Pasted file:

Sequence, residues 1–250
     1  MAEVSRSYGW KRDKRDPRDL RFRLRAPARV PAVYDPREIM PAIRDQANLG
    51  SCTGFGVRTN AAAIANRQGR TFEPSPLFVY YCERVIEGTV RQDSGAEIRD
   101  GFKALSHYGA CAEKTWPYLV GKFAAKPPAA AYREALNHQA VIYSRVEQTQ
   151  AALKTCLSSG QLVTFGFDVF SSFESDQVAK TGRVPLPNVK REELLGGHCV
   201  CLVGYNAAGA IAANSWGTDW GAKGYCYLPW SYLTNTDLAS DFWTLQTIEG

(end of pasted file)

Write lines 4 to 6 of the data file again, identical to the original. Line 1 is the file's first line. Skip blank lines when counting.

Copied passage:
   101  GFKALSHYGA CAEKTWPYLV GKFAAKPPAA AYREALNHQA VIYSRVEQTQ
   151  AALKTCLSSG QLVTFGFDVF SSFESDQVAK TGRVPLPNVK REELLGGHCV
   201  CLVGYNAAGA IAANSWGTDW GAKGYCYLPW SYLTNTDLAS DFWTLQTIEG